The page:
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FCW : July 15, 2013
22 July 15, 2013 FCW.COM Future tech data reallocation among tiers takes place. Vendors that offer tiering include EMC, whose Fully Automated Stor- age Tiering for Virtual Pools is enter- ing the federal acquisition pipeline. Rich Campbell, chief technologist at EMC s federal division, said the com- pany s VNX storage line now incorpo- rates tiering. "It is a part of every bid and pro- posal today," Campbell said of auto- mated tiering. He added that he believes the tech- nology will dovetail with the adoption of ash storage and the emergence of software-de ned data centers in the next 12 to 18 months. In the software- de ned data center context, tiering will let IT managers provision high-perfor- mance, middle-tier and lower-tier stor- age according to an application s needs, he said. "It s made for the software-de ned data center," he added. Furthermore, the data allocation and tiering issue will become more complex as new storage media sur- face. David Hung-Chang Du, Qwest Chair Professor of Computer Science and Engineering at the University of Minnesota, said shingled write disks, which increase storage density by writ- ing data to disks in an overlapping pat- tern, and non-volatile RAM technolo- gies, such as phase-change memory, are near-term developments that will populate an expanded memory and storage hierarchy. Du is working on a research project funded by the National Science Foun- dation that investigates effective data placement in this new storage land- scape. "There are a lot more things you have to look at," Du said. "I think this is only...the beginning." Software-de ned networks Software-de ned networking (SDN) promises to transform the way orga- nizations manage networks. With a traditional network, administrators manually con gure stand-alone pieces of networking equipment. SDN, on the other hand, lets administrators cen- trally program networking devices such as switches through a software layer. In effect, SDN brings virtualization to the network by following established virtualization trends at the server, stor- age and desktop levels. Kelly Herrell, vice president and gen- eral manager of software networking at Brocade Communications Systems, said virtualized computing and the cloud are driving SDN. "When the compute application model changes, then the network changes to adapt to it," he said. Government agencies might be get- ting an early taste of SDN, even though mainstream adoption is probably a cou- ple years away. Internet2, a university- led advanced technology community, has launched a nationwide 100 giga- bit network that uses SDN. About 70 government agencies participate in Internet2, and notable early network users include the NSF-funded Extreme Science and Engineering Discovery Environment. XSEDE is a project that involves 17 supercomputers and taps the Internet2 network as its backbone for linking high-performance computing centers. The organization had been using 10 gigabit Ethernet prior to the migration. "They are now on a 100 gigabit back- bone instead of a 10 gigabit network," said Rob Vietzke, vice president of net- work services at Internet2. "The SDN piece is under it. They get the future opportunity...to use the SDN substrate." The shape of SDN applications, meanwhile, should come into sharp- er focus later this year. Internet2 and industry partners recently announced an Innovative Application Awards program to encourage the creation of open-source apps that use the Inter- net2 network s SDN capabilities. The competition emphasizes apps that improve large le transfers, said Eric Boyd, senior director of strategic proj- ects at Internet2. Boyd said the plan is to work with a select group of application developers during the summer and have software ready by fall. "We can start to really demonstrate a core base of applications that you can point to [as] the types of applica- tions that will use SDN going forward," he said. Sudhir Verma, chief services of cer at IT solutions provider Force 3, said widespread adoption of SDN won t happen overnight, but the technology will eventually follow other data center trends in the federal space. "Federal folks...aren t jumping on this bandwagon right away," he said. "But as data center consolidation, cloud and virtualization...gain momen- tum, SDN is not that far behind." SDN adoption will probably proceed incrementally rather than all at once, industry executives say. Herrell said network functions virtualization rep- resents one of the rst waves of SDN. With NFV, IT shops can run a particular network function as a virtual machine rather than as a physical device. "It is a very easy way to begin mov- ing into the SDN arena because you don t have to re-architect everything," Herrell said. Joe Brown, president of virtualiza- tion provider Accelera Solutions, said SDN adoption is still at an early stage, but he anticipates more activity in 2014, "AS DATA CENTER CONSOLIDATION, CLOUD AND VIRTUALIZATION...GAIN MOMENTUM, [SOFTWARE-DEFINED NETWORKING] IS NOT THAT FAR BEHIND."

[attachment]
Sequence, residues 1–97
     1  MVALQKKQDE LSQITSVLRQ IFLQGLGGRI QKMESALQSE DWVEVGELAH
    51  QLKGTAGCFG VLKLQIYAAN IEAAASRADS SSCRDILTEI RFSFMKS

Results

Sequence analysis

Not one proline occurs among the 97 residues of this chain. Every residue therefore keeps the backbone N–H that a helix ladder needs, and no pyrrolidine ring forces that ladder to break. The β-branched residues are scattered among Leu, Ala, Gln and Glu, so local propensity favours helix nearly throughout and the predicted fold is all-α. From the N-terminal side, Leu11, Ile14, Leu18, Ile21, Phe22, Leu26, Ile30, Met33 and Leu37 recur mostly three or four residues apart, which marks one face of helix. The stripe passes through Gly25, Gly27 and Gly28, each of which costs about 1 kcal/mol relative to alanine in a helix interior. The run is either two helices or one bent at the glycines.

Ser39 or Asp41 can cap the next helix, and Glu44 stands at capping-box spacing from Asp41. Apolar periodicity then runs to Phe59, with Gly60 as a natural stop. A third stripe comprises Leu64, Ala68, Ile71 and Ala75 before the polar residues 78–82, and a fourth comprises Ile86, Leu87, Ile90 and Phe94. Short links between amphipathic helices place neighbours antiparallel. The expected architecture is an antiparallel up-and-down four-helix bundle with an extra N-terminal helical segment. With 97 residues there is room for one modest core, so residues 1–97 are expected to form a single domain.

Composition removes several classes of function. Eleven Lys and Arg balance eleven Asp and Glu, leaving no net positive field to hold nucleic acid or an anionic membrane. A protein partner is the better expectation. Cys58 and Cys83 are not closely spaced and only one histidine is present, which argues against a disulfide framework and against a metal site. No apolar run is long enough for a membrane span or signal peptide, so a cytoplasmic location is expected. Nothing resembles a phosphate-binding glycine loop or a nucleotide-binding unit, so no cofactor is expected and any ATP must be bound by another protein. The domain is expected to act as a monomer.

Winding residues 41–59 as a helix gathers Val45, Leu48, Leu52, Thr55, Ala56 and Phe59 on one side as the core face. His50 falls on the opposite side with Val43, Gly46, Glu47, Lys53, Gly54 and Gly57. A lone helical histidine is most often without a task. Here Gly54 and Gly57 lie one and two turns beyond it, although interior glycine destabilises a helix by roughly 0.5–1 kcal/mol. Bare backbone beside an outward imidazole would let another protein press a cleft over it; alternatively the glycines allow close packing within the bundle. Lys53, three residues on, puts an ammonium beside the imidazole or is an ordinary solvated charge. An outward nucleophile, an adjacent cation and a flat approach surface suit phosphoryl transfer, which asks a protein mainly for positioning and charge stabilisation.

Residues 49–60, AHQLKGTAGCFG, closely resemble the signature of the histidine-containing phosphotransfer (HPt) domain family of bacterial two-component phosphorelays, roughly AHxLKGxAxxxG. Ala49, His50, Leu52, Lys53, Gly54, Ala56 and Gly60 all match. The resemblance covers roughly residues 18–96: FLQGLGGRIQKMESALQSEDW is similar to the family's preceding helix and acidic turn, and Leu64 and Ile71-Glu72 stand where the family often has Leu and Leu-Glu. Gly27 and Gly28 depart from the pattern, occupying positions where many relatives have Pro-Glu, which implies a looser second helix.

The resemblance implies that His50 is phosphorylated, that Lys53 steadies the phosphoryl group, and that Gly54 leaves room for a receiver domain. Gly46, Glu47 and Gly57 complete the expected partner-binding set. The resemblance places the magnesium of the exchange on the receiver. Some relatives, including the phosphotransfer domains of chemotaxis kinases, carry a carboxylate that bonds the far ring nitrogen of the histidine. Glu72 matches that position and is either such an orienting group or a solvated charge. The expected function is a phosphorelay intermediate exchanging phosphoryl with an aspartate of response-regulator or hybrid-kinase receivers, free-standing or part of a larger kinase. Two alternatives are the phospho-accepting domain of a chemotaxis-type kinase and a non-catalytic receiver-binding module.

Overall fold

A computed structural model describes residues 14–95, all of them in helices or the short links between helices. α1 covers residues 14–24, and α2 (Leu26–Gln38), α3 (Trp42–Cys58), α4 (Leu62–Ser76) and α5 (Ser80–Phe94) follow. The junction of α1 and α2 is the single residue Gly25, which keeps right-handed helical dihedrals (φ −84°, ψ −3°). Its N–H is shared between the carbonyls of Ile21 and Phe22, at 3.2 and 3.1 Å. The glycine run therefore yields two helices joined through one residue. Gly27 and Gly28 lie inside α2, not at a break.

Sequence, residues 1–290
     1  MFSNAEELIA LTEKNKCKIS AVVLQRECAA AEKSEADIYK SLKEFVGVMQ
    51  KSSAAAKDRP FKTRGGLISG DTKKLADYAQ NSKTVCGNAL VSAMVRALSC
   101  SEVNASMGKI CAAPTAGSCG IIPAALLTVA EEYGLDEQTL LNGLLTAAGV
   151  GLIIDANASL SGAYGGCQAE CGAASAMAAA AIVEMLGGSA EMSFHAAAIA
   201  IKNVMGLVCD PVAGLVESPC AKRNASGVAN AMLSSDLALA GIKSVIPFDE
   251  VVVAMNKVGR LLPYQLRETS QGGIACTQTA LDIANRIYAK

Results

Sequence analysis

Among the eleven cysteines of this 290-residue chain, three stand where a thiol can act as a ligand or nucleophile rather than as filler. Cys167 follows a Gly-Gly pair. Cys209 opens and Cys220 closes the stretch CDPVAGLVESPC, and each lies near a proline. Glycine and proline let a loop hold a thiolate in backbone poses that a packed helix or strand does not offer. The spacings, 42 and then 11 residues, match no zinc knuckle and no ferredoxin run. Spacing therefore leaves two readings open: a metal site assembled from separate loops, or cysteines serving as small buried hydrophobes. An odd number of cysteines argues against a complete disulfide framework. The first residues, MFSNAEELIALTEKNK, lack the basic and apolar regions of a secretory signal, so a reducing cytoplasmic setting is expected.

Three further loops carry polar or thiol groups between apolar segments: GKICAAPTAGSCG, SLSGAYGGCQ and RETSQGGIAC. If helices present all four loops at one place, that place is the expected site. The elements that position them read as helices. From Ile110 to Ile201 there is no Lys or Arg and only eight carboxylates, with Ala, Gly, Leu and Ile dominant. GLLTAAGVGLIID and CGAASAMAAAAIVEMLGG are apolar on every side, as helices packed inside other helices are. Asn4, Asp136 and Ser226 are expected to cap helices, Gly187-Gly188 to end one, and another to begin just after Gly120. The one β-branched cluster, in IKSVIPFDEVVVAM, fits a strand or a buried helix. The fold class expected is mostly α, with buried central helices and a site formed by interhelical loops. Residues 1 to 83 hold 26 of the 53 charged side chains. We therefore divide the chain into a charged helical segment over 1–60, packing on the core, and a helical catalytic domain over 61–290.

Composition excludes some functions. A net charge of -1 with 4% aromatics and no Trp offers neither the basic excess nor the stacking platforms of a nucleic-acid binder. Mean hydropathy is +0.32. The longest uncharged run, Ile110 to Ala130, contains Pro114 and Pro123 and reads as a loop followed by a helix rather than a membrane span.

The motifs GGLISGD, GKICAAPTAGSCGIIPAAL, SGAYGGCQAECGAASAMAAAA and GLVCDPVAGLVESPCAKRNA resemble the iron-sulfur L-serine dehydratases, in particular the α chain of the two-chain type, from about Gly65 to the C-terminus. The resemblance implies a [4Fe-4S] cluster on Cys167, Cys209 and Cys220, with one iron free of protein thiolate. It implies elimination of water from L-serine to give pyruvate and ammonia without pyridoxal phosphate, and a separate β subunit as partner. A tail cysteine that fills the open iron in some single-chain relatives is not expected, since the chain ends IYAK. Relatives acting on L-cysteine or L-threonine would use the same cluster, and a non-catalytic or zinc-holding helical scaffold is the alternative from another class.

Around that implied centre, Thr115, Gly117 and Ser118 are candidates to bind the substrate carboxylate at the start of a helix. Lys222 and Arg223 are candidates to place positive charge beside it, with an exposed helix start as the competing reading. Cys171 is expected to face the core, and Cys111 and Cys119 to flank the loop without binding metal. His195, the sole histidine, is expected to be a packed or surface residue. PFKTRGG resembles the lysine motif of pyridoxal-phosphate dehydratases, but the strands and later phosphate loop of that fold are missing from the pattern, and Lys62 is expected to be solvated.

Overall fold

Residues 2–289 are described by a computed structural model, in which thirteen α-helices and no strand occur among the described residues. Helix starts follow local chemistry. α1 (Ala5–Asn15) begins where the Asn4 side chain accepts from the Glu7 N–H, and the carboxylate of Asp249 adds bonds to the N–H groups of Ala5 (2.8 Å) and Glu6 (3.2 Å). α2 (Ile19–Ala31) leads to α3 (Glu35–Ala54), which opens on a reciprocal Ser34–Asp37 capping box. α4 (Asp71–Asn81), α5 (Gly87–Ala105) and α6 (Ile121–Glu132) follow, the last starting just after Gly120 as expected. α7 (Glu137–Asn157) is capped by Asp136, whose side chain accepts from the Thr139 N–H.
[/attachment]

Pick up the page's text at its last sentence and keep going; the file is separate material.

June 30, 2013
July 30, 2013